Total turns its back on Dakhla block -French company decides not to renew licence off Western Sahara
December 3, 2004
TOTAL has not renewed its reconnaissance licence for the Dakhla block off Western Sahara, just south of Kerr-McGee's Boujdour permit.
The French company's contract with Morocco's Office for Hydrocarbons & Mines (ONHYM) expired on 18 November, although Western Sahara activists argue Rabat had no authority to issue licences.
Oslo-based activists in the Western Sahara Support Group claimed the move as a victory for its campaign.
"Two of the seismic companies TGS-Nopec and the Fugro Group which worked for Total and KMG, have recently decided not to proceed with this work due to the problematic ethical, political and legal aspects of such activities," the group said.
Kerr-McGee has not publicly indicated whether it has applied to renew its own permit, which was due to expire last month. The oil company declined to comment on industry rumours that unnamed US independents were considering options to farm in to Dakhla.
Western Sahara, a former Spanish colony, passed rapidly into the hands of Moroccan occupying forces after Spain left in 1976.
Since then, Polisario fighters have sought independence through an armed struggle and later through United Nations-sponsored negotiations.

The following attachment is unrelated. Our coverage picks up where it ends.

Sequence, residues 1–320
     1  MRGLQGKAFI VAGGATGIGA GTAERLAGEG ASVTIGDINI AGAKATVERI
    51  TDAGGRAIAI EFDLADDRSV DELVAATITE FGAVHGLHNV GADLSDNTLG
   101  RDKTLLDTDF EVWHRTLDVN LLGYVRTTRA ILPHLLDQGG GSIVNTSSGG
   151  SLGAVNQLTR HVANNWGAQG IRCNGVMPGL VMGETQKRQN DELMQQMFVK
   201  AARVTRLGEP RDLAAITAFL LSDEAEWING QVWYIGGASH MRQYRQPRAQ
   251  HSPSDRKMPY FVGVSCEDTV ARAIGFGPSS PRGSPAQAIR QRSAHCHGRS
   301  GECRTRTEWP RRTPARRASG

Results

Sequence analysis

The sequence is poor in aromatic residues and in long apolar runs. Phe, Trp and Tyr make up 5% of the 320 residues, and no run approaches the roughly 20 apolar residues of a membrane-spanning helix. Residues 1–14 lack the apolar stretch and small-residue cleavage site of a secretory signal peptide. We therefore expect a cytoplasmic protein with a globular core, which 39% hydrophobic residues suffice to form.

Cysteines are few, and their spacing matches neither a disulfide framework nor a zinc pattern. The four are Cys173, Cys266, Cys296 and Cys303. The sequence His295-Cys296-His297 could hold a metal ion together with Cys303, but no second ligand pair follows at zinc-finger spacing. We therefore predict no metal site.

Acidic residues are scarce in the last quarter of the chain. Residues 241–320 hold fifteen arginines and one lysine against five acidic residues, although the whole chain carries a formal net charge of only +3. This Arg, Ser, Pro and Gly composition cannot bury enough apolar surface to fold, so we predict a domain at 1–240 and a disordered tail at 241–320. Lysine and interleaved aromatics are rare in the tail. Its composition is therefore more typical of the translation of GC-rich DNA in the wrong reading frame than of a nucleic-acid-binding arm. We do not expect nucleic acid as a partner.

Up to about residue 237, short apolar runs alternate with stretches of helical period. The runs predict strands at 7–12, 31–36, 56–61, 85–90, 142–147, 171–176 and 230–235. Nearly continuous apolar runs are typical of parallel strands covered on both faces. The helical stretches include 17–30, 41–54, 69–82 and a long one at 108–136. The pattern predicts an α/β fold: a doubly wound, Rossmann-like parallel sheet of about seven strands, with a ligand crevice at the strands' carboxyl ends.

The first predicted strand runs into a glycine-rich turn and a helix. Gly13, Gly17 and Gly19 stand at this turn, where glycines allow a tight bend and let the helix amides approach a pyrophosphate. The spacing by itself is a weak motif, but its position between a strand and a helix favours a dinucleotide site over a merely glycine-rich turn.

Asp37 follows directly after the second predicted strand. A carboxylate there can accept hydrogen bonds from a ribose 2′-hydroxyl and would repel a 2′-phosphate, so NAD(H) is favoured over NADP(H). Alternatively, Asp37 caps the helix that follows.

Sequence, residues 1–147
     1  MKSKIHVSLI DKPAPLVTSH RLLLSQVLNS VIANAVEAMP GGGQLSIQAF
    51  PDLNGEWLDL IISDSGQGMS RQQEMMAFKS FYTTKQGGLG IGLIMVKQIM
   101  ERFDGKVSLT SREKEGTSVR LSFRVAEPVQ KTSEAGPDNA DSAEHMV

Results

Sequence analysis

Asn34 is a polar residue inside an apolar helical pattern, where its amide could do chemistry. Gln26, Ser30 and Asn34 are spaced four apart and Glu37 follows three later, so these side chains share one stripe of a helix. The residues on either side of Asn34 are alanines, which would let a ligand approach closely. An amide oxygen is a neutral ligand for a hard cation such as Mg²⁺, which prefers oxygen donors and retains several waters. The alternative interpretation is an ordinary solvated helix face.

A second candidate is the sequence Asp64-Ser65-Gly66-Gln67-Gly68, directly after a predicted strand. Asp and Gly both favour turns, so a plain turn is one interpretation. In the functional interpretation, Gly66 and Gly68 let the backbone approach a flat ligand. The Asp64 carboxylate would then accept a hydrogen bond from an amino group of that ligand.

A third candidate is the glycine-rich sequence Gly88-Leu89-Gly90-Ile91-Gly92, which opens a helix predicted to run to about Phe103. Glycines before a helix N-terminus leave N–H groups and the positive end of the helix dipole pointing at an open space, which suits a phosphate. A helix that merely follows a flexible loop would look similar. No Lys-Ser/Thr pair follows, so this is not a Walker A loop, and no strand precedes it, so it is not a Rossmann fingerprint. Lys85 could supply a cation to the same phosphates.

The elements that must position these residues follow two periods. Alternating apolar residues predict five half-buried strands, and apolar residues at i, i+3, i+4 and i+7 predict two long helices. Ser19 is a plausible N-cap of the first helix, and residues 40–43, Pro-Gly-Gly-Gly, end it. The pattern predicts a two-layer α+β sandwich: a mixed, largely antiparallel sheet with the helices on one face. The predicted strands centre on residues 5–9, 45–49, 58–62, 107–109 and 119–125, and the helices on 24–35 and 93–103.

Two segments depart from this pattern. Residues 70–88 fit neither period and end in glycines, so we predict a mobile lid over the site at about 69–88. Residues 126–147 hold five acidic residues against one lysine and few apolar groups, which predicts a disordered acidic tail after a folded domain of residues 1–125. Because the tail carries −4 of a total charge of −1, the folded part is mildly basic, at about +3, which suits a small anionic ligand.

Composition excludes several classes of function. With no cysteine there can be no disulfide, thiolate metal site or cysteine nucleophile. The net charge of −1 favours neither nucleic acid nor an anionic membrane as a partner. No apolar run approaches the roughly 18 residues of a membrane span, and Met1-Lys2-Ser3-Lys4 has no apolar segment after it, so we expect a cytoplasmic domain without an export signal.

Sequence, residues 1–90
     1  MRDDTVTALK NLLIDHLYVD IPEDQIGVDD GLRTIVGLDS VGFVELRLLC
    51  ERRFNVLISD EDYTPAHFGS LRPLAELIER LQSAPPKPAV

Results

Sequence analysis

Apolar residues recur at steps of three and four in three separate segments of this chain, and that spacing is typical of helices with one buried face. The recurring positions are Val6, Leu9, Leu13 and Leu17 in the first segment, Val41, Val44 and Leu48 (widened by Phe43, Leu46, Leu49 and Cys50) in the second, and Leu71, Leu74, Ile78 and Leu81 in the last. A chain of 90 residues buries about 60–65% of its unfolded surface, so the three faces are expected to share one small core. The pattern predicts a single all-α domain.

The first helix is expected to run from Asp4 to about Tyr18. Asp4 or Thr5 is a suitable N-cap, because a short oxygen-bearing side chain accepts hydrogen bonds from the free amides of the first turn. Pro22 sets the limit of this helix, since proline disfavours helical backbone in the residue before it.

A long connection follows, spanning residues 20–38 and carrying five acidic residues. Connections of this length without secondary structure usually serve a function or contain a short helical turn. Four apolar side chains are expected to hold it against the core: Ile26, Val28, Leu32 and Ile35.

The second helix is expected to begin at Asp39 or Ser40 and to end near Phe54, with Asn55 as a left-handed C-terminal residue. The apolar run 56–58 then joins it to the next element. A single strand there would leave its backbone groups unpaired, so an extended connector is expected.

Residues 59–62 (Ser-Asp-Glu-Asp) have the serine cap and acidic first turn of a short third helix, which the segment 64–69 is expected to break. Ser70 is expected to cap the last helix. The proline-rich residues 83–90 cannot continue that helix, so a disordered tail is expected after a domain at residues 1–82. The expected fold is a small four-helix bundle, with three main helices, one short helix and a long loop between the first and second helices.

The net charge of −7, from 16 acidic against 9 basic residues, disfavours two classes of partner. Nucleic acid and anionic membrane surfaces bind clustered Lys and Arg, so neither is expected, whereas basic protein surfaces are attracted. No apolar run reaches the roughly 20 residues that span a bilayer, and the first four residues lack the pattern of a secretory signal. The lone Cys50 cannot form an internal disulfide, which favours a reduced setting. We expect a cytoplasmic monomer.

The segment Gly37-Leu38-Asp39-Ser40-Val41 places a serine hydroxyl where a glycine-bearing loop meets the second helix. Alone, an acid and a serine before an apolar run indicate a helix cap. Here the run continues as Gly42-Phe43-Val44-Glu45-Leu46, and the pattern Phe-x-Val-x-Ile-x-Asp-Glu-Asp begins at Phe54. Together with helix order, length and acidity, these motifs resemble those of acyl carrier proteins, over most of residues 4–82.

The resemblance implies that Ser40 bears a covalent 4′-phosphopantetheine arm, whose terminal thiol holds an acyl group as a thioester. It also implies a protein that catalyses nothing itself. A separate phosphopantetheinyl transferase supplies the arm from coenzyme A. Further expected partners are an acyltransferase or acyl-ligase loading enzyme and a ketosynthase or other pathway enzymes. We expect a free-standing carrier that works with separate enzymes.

The UN Legal Office has outlawed oil and gas drilling but left open the question of preliminary seismic exploration.
Meanwhile, a spokesman for the Sahrawi Arab Democratic Republic's (SADR) Foreign Affairs Ministry this week insisted Kerr-McGee should end its "illegal operations" in Western Sahara immediately.
"No oil company should deal with the Moroccan government with respect to Western Sahara as no country or organisation recognises Morocco's sovereignty over the territory," the spokesman said.
South Africa recently joined African giants Nigeria and Algeria in recognising the SADR, leaving Rabat diplomatically isolated in Africa over the Western Sahara issue.
Alone on the continent, Morocco is not a member of the African Union. Last week it criticised neighbouring Algeria over its continuing support for the Polisario militia.
Morocco occupies the major part of its neighbouring country, Western Sahara. Entering into business deals with Moroccan companies or authorities in the occupied territories gives an impression of political legitimacy to the occupation. It also gives job opportunities to Moroccan settlers and income to the Moroccan government. Western Sahara Resource Watch demands foreign companies leave Western Sahara until a solution to the conflict is found.
Big oil’s interest in occupied Western Sahara has taken a dramatic turn for the worse. Some companies are now drilling, in complete disregard of international law and the Saharawi people’s rights. Here’s what you need to know.